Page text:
"That's why we believe in education, so that people will understand the effect their actions have on the environment," said Kimble.

    "At one point, the Wolf River was declared a dead river. You weren't supposed to swim in it or take fish out of it, and that's sad, because if you talk to older Memphians, the river played a huge part in their lives growing up."

    The conservancy has an aggressive education department that visits public and private schools for free workshops outlining how people can actively preserve the Wolf.

    In 1995, the conservancy staged a campaign against clear-cutting trees along the Ghost River, and in time brought it back to life, along with the Wolf.

    Now, recreation takes place there, at the same time drawing awareness that the eastern end of the Wolf in Fayette County, or the "Wild Wolf" as Kimble called it, recharges the city's sand aquifers — Memphis' drinking water supply.

    Threadgill said if Memphis had to drink from the Mississippi River, the city would likely take better care of it.

    "People don't realize that over 4 million people along the Mississippi River drink their water out of the river," said Threadgill. "We are so lucky to have these aquifers. Water is important now, but 10 years from now people from out west will start moving into this area primarily because of the water."

    Both the Mississippi River Corridor and Wolf River Conservancy see big problems with another Mississippi tributary, Nonconnah Creek, but so far efforts have been led by individuals rather than groups dedicated solely to the creek.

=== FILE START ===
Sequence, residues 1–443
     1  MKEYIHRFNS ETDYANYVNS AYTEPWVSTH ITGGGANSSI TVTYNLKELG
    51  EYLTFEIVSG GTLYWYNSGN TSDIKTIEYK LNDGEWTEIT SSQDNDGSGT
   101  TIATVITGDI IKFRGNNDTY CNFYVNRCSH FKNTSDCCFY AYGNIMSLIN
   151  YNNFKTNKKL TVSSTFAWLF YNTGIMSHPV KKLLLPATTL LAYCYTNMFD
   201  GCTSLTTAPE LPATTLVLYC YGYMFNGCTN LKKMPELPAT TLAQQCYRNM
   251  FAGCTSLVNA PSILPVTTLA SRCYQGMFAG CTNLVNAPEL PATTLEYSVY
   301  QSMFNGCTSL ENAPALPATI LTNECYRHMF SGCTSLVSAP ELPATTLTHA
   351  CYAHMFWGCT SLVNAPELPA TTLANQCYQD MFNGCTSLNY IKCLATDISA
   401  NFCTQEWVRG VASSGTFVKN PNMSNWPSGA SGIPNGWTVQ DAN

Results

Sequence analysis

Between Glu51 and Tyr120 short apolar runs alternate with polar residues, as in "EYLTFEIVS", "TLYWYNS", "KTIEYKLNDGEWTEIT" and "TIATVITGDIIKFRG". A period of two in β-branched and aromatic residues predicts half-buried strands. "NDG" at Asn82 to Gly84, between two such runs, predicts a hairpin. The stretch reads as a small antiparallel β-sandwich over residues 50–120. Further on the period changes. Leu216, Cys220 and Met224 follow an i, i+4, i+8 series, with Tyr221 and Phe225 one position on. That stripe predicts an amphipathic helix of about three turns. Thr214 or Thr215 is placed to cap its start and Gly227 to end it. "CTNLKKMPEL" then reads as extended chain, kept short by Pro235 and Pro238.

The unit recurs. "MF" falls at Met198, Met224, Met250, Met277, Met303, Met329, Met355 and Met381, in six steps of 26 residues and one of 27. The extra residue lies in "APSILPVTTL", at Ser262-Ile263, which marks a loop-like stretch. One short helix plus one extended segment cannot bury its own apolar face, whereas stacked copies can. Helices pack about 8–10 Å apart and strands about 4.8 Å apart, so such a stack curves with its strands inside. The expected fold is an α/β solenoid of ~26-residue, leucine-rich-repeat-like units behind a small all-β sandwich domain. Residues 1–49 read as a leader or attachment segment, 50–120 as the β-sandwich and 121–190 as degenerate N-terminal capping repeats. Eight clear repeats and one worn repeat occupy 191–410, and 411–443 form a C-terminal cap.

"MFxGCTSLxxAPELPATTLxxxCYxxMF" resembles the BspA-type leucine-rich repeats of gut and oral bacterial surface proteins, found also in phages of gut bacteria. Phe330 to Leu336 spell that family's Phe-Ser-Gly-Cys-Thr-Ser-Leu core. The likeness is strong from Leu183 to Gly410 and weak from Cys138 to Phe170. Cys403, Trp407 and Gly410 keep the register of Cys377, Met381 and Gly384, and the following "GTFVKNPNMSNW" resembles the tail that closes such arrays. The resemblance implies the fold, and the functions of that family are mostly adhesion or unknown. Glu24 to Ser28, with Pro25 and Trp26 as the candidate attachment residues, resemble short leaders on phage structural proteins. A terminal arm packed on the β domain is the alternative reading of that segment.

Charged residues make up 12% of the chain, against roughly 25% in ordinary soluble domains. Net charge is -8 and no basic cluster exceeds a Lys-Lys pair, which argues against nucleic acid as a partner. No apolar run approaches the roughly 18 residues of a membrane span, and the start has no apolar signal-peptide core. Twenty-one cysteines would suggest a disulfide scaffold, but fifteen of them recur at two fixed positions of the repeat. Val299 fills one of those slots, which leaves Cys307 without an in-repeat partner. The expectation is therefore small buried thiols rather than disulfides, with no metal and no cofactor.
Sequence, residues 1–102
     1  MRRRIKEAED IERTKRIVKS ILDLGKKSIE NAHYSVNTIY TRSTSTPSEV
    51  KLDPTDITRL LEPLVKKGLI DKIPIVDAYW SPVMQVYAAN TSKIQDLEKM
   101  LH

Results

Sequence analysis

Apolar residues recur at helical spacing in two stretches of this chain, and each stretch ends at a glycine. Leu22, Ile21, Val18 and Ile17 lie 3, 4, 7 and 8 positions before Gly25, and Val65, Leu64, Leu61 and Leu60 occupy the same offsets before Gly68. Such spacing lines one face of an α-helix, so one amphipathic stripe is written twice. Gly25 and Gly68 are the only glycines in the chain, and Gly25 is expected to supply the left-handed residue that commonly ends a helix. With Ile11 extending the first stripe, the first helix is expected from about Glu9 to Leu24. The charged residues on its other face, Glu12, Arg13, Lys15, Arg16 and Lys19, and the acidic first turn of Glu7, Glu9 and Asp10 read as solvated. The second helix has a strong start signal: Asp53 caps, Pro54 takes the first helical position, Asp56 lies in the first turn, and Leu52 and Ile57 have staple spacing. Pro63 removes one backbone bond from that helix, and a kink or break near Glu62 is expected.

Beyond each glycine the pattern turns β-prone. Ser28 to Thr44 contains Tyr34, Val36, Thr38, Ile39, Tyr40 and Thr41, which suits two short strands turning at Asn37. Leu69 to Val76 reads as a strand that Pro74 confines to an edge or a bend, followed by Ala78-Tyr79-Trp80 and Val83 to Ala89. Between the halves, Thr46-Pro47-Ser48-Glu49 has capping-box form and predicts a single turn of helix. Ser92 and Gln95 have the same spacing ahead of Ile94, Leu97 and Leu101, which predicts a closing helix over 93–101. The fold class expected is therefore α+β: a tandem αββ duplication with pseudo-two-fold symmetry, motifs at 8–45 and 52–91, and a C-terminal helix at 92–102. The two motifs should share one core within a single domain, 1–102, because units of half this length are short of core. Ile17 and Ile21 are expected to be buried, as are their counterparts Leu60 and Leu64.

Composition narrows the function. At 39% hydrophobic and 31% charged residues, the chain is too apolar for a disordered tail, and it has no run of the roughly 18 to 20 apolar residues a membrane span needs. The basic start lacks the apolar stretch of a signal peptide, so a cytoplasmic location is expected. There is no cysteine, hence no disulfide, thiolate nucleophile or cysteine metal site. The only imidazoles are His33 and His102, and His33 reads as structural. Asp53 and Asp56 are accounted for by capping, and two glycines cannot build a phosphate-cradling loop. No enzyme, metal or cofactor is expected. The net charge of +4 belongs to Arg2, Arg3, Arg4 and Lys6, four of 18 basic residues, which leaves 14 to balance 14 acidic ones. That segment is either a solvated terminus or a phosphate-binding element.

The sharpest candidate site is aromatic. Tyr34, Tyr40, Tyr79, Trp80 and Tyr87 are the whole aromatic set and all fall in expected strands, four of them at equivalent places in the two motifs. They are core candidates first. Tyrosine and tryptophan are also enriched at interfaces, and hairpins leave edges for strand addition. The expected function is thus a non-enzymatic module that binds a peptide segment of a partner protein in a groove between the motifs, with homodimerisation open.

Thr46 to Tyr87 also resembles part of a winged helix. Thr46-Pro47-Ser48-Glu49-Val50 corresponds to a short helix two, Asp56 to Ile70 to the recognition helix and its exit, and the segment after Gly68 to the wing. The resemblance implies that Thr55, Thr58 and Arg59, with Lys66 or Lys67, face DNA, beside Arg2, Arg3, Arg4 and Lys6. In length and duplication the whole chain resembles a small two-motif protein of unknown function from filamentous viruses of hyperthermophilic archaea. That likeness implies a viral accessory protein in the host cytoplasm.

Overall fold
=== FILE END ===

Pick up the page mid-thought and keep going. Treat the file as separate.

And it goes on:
But if their tips sound too small and insignificant to save a river as big as the Mississippi, Paul Young, administrator of the Memphis and Shelby County Office of Sustainability, said individuals can make a difference.

    "The way I really try to think about it is: 'What small things can we do to change our environment?'" said Young, whose office, a joint project of the city of Memphis and Shelby County, helps target ways for government to reduce energy consumption, add recycling centers and develop regional trails, greenways and waterways.

    "When people know they can do simple things to conserve the environment, it makes it easier for them to incorporate into daily life. But when you presume that for me to save the river, I have to go pick up trash in a river cleanup, then that sounds like it takes more. All we're saying is don't throw your litter on the ground."

    The Office of Sustainability was born out of 2009 study of county resources and public opinion that more leadership from government was needed in conservation.

    That is where Threadgill's final tip comes in: Be a river citizen in your community. Speak up and take action.

    Threadgill hopes more everyday citizens will see their river as partly their responsibility.

    "I think if the city itself gets more involved as far as cleanup of the river, that will help tremendously," said Threadgill.